order to control the direct light penetrating the academic spaces. To further
this control, shade boxes are applied along the South elevation and have two
primary functions. The top of the shade box helps block direct sunlight, thus
reducing glare within the work spaces. The lower portion of the shade boxes acts
as a light shelf—reflecting natural light deep into the classrooms. The daylight
provided into these classrooms and lab spaces is augmented with the use of
dynamic skylights, which allow natural light to penetrate deep into the rooms.
To heat and cool each building, a ground source heat exchange system was
used. Individually controlled heat pumps were designed for each room per
building. With a central closed loop system, which is fed from the well field, a
building has the ability to add or remove energy from the system and in turn,
transfer it to the next if needed. This balancing of buildings provides versatility and
greater control of the interior climate. West Career and Technical Academy,
when completed, will also include a Solar Yard including photovoltaic panels.
The Career and Technical Academy exemplifies the “10 Principles for Livable
Communities,” by demonstrating several of the ideals set fourth by the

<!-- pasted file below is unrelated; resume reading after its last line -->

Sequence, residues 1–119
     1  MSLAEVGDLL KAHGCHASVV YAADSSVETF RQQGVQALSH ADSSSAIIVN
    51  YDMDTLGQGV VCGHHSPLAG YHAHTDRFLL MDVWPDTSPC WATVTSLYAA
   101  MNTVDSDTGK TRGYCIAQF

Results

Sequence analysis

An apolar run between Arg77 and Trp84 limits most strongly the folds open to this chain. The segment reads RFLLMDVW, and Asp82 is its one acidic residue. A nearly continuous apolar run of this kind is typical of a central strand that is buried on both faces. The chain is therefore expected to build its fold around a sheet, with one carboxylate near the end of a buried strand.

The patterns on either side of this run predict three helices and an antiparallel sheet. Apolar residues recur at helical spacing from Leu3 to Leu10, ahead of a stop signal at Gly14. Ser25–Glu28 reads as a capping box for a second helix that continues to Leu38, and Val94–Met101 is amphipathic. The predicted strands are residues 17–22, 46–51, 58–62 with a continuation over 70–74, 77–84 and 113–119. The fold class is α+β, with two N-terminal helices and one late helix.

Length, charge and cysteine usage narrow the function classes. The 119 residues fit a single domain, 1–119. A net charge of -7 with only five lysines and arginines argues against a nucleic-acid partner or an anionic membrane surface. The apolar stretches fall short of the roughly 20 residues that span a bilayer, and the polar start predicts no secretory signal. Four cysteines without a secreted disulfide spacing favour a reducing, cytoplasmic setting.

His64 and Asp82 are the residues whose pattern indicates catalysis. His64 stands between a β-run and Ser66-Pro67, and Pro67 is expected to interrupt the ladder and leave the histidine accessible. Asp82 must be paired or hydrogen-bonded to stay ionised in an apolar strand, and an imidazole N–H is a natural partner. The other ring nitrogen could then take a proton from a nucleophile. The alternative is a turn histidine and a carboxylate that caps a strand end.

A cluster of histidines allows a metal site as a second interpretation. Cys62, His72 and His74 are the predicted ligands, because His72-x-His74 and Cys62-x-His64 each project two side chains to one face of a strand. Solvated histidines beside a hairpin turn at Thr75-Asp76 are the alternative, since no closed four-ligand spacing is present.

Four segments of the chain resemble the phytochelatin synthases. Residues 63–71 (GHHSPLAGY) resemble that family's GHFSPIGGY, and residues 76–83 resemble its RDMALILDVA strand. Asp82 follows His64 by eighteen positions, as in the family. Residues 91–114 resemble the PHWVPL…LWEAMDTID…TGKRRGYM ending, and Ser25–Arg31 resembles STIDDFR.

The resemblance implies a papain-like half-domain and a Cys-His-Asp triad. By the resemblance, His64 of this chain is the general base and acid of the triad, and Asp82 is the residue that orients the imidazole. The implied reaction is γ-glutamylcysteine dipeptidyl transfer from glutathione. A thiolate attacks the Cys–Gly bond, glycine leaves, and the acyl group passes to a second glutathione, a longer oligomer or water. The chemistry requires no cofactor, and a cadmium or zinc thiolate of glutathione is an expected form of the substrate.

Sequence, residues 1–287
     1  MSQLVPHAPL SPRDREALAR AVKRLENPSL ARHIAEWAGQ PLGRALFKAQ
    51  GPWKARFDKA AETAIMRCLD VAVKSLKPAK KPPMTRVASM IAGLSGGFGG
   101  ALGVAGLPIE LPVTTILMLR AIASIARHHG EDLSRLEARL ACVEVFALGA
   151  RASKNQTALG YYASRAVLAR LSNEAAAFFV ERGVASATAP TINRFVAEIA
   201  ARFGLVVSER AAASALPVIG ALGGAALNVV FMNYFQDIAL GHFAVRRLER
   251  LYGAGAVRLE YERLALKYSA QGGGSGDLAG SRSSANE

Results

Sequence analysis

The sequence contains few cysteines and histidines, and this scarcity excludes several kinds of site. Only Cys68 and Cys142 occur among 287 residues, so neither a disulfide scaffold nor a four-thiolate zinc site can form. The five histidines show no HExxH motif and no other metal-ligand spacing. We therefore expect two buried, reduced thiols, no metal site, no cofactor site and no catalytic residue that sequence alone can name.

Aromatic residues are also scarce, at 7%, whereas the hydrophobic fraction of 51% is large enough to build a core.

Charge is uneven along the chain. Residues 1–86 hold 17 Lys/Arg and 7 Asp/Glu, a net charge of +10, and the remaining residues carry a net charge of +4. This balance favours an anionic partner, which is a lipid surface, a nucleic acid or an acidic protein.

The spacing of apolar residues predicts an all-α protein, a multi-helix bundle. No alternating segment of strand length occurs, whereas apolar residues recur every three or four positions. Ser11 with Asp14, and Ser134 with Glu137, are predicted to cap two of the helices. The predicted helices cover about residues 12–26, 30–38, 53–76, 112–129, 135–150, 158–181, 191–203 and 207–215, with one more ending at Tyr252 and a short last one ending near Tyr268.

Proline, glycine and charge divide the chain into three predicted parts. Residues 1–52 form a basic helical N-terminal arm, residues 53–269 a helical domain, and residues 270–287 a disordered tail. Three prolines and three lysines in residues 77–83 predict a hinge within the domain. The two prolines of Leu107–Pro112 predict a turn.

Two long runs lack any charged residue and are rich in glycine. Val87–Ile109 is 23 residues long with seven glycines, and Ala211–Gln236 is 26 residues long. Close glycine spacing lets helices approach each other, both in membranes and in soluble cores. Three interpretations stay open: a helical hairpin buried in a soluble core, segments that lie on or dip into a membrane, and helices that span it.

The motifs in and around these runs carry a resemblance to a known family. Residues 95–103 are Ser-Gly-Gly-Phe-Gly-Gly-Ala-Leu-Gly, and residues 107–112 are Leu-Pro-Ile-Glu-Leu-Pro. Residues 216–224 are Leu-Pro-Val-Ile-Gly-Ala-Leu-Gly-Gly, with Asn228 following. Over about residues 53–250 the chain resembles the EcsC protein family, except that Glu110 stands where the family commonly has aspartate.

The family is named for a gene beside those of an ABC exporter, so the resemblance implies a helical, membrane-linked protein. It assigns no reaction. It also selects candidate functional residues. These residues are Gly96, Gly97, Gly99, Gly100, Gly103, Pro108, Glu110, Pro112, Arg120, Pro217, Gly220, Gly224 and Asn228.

AIA Communities by Design. In the compilation of different and individual
vocational academies, choices can be made for a multiplicity of site
configurations, based on the current needs of the district. Individual academic
buildings may be chosen to supplement or replace existing educational
facilities. Once situated on a site, each campus now provides unique and
“vibrant public spaces,” to generate a great sense of community and an
excitement to learn. These public spaces both utilize and enhance the existing
landscape at each site—attempting to have very minor negative impact on
the surrounding environment. The “Urban Camouflage” paint scheme of the
academic campus allows the buildings to react better to its surroundings, while
creating a neighborhood identity, and a citywide educational language.